I had heard about this book from just about every blogger I follow. How it was the must read of the summer (even though it wasn’t even out), how this would win awards (and it sure has). And yet, it came to my classroom and sat on the shelf. I don’t know why I didn’t pick it up for over a month. Something about the cover, perhaps, or my own frame of mind. Then one day I remembered just how much I love Jacqueline Woodson. Her book Each Kindness is a staple every year for me (which is probably why it has disappeared from my classroom). So why not read this one?
As the story often goes; I started it and then I finished it. All within two days. All within the same time frame as parent-teacher conferences. Yup, this book made me stay up and read after 13 hours days. That’s how good it is. Why is it so good? I don’t really know. Her voice, her story, the images that came to my mind as I connected the lines between her story and America’s story. But even though I loved it, I had an incredibly hard time envisioning which student I would hand it to, not sure where it belongs. But it fit right into my heart. It fit right into everything I believe is great about books.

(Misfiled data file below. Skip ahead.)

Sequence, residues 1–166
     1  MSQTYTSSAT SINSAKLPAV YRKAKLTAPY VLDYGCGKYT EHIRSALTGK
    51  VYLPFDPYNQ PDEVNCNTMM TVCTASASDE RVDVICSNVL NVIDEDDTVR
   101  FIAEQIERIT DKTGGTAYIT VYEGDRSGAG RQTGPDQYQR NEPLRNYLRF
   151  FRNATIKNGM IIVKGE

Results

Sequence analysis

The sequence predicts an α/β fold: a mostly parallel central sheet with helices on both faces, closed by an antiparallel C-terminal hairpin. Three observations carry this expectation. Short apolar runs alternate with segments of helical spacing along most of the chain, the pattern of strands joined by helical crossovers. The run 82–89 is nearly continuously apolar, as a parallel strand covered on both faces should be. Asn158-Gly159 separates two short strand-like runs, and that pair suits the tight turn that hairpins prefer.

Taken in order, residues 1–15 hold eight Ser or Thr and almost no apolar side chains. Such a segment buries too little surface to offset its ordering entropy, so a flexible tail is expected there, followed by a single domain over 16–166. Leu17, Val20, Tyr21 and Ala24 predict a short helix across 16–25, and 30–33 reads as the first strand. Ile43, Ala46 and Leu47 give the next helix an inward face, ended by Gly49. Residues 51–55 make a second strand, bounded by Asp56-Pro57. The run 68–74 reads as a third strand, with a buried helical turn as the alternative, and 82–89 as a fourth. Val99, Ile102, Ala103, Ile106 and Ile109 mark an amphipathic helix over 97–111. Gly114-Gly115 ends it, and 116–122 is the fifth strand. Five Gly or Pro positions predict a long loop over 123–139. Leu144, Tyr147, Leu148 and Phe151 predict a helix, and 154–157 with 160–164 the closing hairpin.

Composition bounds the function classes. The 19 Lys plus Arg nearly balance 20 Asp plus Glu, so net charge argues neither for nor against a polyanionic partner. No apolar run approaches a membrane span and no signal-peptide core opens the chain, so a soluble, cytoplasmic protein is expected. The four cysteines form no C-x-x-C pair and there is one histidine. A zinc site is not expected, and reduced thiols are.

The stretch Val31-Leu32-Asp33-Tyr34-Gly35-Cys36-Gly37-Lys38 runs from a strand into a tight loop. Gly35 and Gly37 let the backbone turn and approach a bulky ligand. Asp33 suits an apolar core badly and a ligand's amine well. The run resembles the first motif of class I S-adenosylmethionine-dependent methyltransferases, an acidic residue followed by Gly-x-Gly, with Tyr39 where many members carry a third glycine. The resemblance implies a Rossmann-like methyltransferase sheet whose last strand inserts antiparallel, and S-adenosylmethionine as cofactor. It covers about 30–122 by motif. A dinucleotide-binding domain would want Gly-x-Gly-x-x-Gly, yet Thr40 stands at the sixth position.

So bottomline: Yes, add it to your classroom library. 5th grade and up or perhaps even younger. Share it with your students and hope that someone else gets it just like you got it.
Raised in South Carolina and New York, Woodson always felt halfway home in each place. In vivid poems, she shares what it was like to grow up as an African American in the 1960s and 1970s, living with the remnants of Jim Crow and her growing awareness of the Civil Rights movement. Touching and powerful, each poem is both accessible and emotionally charged, each line a glimpse into a child’s soul as she searches for her place in the world. Woodson’s eloquent poetry also reflects the joy of finding her voice through writing stories, despite the fact that she struggled with reading as a child. Her love of stories inspired her and stayed with her, creating the first sparks of the gifted writer she was to become.